Letter to the editor: State needs strategy for helping small businesses
Last year a friend asked me why I got engaged in policy development and advocacy. My answer was quick and simple; “I’m tired of being a stump speech.”
We know that small businesses are an important piece of the economy. Roughly 96 percent of all Vermont businesses have fewer than 50 workers. In fact, 60 percent of all wages paid in Vermont are paid by businesses that employ less than 100 people. On the campaign trail, small business owners are consistently told that our businesses are the “backbone of our economy” and that, without us, the Vermont we know would not exist. Once the elections are over, we watch in frustration as state investments, tax credits, and policies touted as business friendly are geared towards the state’s largest employers.
This legislative session, Gov. Phil Scott and his administration have unveiled a series of plans claiming to help recruit and retain young people, support small businesses, and protect working individuals and families. Some of these proposals intend to grow the economy by continuing to invest money in programs that benefit big businesses. We know Vermont must identify ways to better compete with other states, but we don’t have the same financial resources that other states do.
I believe that to accomplish a thriving business sector and economy, Vermont needs to invest resources more creatively and strategically by creating long-term policy solutions that simultaneously reduce burdens on individuals and families, invest in small businesses, strengthen the nature of employment, promote job opportunities, and ultimately make Vermont an attractive place to live and raise a family. I believe one policy in particular that they’ve continued to dismiss has the potential to help bolster small businesses and the state’s economy. This proposal is paid family and medical leave insurance.
As the bill is currently drafted, this program would provide essential wage replacement to employees during leave to bond with a new child or to care for a close family member who is sick. For minimum wage workers, this program costs around 80 cents a week. Not only does this directly benefit workers, but this proposal also helps level the playing field for small businesses that generally can’t afford to offer a similar benefit.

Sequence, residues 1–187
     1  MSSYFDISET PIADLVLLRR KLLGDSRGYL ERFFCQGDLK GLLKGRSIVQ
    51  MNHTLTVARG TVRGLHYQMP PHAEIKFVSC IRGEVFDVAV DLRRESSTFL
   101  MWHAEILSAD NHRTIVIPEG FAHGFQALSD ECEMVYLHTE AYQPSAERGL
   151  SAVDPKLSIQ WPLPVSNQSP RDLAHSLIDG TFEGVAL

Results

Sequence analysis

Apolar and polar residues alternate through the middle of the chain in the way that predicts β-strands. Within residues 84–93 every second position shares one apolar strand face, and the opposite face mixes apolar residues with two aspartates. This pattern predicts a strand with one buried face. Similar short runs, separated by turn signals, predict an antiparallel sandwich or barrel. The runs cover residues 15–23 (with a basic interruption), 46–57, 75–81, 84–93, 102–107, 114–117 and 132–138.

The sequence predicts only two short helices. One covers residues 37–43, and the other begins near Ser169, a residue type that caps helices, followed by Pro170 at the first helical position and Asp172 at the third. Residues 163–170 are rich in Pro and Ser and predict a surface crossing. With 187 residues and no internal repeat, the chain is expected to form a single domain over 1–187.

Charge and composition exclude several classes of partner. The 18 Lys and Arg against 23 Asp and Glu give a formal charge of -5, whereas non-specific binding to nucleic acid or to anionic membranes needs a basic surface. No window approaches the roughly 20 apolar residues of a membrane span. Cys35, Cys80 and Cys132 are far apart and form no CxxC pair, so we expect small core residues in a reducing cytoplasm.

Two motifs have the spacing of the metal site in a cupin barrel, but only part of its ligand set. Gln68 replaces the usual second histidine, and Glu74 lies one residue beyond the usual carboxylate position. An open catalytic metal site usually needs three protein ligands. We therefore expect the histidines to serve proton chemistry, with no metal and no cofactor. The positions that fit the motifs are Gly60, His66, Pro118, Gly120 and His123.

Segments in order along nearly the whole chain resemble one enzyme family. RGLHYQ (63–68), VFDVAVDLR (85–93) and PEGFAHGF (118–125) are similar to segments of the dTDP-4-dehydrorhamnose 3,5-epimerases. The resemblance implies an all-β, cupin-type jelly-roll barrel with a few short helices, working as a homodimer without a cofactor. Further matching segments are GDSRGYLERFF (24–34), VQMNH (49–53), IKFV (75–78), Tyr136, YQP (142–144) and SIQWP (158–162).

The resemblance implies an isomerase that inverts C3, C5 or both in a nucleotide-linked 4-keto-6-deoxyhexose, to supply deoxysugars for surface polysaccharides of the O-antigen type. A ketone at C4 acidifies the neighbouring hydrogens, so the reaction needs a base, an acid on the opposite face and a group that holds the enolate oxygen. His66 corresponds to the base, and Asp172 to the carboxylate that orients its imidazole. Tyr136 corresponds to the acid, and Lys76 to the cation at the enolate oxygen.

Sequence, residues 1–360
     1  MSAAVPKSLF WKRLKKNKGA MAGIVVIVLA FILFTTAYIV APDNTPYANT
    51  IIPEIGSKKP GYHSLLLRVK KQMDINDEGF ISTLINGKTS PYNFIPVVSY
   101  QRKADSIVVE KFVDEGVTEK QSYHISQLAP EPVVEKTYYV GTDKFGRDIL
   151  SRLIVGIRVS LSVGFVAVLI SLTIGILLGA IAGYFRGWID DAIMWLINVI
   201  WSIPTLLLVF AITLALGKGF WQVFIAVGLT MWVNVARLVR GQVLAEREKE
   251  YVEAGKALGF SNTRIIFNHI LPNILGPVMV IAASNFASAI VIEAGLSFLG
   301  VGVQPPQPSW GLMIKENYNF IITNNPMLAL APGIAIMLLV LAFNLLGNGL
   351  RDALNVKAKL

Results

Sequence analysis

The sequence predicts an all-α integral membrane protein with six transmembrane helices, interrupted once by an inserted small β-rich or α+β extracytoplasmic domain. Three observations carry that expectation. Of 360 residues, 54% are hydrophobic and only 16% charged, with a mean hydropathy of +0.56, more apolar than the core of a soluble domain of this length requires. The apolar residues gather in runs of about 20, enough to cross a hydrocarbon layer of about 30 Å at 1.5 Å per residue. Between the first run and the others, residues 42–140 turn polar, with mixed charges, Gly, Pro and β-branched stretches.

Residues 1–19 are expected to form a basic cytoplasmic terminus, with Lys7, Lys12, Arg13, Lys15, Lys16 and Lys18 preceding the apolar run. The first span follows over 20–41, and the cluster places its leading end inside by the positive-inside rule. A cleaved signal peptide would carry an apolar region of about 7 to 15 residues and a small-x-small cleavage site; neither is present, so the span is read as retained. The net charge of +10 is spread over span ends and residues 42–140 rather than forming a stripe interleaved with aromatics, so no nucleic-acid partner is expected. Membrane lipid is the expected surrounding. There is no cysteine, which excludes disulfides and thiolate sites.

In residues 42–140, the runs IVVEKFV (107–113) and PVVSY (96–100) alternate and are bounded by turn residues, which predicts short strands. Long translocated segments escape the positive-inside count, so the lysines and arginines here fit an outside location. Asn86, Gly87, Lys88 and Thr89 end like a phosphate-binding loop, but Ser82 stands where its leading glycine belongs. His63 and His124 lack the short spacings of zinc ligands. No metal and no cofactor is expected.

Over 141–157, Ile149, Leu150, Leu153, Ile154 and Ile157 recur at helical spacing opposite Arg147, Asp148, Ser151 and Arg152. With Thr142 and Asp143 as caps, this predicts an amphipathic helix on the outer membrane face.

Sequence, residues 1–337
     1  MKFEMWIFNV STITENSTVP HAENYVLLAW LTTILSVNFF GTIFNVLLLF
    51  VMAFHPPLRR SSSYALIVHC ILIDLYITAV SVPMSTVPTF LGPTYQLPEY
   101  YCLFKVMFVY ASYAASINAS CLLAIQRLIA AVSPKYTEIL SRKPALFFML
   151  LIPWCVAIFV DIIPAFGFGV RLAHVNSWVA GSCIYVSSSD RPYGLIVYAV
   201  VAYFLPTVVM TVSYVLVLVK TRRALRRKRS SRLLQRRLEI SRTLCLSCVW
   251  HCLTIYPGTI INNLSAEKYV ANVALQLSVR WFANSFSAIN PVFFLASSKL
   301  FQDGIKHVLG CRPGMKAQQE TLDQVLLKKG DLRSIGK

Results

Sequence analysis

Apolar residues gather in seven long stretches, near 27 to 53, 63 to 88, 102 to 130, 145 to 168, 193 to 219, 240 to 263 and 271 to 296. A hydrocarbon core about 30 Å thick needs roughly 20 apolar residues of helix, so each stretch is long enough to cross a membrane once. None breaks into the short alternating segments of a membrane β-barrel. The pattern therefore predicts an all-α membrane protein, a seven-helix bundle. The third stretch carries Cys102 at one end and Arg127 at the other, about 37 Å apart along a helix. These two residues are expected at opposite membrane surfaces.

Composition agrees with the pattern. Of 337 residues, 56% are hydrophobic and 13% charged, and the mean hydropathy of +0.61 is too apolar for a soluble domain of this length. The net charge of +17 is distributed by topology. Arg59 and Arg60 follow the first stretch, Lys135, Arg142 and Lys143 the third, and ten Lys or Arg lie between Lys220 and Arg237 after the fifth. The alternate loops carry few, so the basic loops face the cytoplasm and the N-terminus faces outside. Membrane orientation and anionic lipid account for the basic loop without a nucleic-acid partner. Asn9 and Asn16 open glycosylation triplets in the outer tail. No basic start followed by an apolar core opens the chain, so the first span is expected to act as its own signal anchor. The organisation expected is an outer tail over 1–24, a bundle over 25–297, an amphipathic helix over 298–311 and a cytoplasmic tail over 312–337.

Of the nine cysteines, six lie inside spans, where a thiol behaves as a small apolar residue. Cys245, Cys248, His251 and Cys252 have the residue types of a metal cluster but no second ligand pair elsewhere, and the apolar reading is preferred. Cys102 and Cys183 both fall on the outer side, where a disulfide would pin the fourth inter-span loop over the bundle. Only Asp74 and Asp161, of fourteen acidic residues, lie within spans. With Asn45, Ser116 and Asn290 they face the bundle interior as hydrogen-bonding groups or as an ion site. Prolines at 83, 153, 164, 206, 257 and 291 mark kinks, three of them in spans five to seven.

We are a small business state and hopefully always will be, but as a small business state, we will always face challenges around the ability to offer all the essential benefits — like health insurance, paid family leave, retirement — to our employees. Yet small businesses still must compete with larger companies that can afford to offer greater benefits and also disproportionately receive greater financial incentives and investments from the state. This uneven playing field not only directly impacts Vermont workers and the businesses that employ them, but it impacts the entire state economy.
What attracts people to Vermont is the same thing that keeps many of us here — our quality of life, the shared sense of community, our commitment to the environment and the way we care for our friends, neighbors and co-workers. We celebrate and carry these values in a way that is unique to our small cities and rural communities. Many Vermonters share similar goals for our future, even as we have different ideas about how we will achieve those goals.
The governor and the legislature have an opportunity to come together to move forward the widely popular paid family and medical leave proposal — and others — that would not only benefit working Vermonters but small businesses and our economy. Together we can move past the campaign speeches and develop policies that create real, lasting change.
3 Squares Café owner
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